Skip to 4 minutes and 31 seconds So maybe once we get into the intensive part of the campaign, her profile and relative popularity will help her party actually get some additional support. Moving past the election to the kind of government formation stage, I think one of the really interesting questions and we don’t know the answer it at the moment, is will there be another Labour Plaid coalition?
Skip to 4 minutes and 53 seconds And I mean, one of the things which is really interesting about this is that there is clearly now a perception which has been created in part by what happened to the Liberal Democrats– and we’ve just seen an Irish general election where Labour have been enough annihilated– that the junior partner in the coalition– seems to be a perception, there’s an iron law in politics, that you lose out. Will Plaid Cymru want to go into coalition? Is it the road to annihilation? I’m not sure that iron law is actually true, but the fact that people believe it to be true I think will probably guide their behavior. A great deal would depend on the maths.
Skip to 5 minutes and 30 seconds How many seats do the different parties have? I mean, Plaid’s ultimate dream would be to lead a government themselves. But it looks unlikely that they could be in a position to do that. What looks more likely is we might see Labour as the largest party but well short of a majority. And then if the Liberal Democrats are winning few or maybe even no seats, to get Labour up to a majority on just individual votes, Plaid Cymru may be more or less the only effective possible partner for Labour. Plaid Cymru could be the only game in town, the only party that Labour can really look to do deals with.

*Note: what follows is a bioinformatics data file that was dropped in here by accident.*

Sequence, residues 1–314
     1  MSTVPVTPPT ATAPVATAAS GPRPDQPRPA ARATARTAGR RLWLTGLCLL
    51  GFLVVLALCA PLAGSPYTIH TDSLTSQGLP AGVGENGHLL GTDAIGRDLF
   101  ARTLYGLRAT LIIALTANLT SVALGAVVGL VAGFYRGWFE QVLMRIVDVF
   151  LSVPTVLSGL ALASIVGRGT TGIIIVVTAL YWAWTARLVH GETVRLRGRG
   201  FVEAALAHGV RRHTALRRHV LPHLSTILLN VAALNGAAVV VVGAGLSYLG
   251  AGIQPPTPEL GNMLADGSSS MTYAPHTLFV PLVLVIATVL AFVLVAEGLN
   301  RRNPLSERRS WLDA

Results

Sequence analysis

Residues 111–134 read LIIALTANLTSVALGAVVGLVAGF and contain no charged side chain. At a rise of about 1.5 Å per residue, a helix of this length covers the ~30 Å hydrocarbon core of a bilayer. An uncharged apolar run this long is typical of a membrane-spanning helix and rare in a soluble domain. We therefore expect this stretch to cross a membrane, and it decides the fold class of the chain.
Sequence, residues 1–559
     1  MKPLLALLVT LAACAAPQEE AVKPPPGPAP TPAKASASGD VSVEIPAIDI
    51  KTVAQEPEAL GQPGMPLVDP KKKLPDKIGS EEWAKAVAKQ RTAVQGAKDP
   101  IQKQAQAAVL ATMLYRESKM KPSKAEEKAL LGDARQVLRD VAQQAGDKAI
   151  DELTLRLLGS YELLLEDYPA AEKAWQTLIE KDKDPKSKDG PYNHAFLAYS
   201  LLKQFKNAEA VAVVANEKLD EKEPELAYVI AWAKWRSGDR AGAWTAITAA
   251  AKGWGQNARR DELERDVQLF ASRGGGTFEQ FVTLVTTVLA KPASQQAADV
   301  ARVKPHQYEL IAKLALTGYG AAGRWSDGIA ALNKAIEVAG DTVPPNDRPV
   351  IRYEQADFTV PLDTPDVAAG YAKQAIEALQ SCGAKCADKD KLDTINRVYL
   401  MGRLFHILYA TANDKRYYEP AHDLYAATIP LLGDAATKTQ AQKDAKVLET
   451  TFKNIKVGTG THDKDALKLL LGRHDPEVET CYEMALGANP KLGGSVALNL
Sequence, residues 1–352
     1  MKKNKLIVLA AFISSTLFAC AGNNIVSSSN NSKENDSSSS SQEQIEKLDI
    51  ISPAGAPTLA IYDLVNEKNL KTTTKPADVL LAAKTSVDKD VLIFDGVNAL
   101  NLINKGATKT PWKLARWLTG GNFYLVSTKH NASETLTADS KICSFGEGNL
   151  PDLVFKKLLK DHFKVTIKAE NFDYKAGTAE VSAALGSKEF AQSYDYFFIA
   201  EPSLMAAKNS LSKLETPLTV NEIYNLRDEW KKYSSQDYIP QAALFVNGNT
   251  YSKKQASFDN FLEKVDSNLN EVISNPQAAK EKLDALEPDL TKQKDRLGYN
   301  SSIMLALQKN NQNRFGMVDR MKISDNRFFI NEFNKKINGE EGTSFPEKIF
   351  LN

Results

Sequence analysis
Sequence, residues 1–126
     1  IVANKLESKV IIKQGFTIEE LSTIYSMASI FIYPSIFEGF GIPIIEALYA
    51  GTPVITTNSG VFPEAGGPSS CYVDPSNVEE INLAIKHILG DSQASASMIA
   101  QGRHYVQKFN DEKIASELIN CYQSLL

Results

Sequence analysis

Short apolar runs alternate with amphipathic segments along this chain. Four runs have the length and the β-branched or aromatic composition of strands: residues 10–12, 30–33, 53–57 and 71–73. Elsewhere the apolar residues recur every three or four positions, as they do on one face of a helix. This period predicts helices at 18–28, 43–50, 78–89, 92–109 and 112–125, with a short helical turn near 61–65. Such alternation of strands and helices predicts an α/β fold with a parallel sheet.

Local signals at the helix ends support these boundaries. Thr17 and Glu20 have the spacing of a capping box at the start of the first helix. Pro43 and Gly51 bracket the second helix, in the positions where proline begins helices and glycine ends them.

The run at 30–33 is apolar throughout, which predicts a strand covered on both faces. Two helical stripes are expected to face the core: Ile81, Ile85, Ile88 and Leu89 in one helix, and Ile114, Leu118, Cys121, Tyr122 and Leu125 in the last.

Skip to 6 minutes and 6 seconds But so– and then you’ve got these kind of interesting permutations of what the kind of deal that you might have to run a government. So you– obviously, you can have formal coalitions. Than you can have all kinds of arrangements. I recall New Zealand as an example where you can have multiple forms of arrangements between smaller parties and a larger party in order to ensure some kind of continuity of government. Yeah, and I think, you know, certainly speaking to at least some people in Plaid, the area is, well, Labour would have to give us something pretty extraordinary to make it worth our while going into government as the junior coalition partner.
Skip to 6 minutes and 38 seconds And I think it may well be that they take the view they can exert more influence and do politically better, you know, exerting influence from outside the government. You’re supporting it on things like budget votes, supporting it on legislation, in return for specific concessions. Being tied into governments might well, they believe, restrict their freedom of movement much more. Yeah. on the other hand, they may just be saying that because they’re not actually willing to do a deal with the conservatives this time around. Their bargaining power with Labour is much reduced. And therefore, you know, I think they probably need to appear to be coy to give themselves any kind of bargaining power in a post election situation.
Skip to 7 minutes and 19 seconds Yeah, I mean, these things can work two ways. It may well be that Plaid Cymru after the election are Labour’s only potential partner. But similarly, Labour could be Plaid Cymru’s only realistic partner as well. So Plaid may also have really nowhere else to go. That’s right.
Richard Wyn Jones and Roger Scully of Cardiff University discuss Plaid Cymru’s leadership, history and future.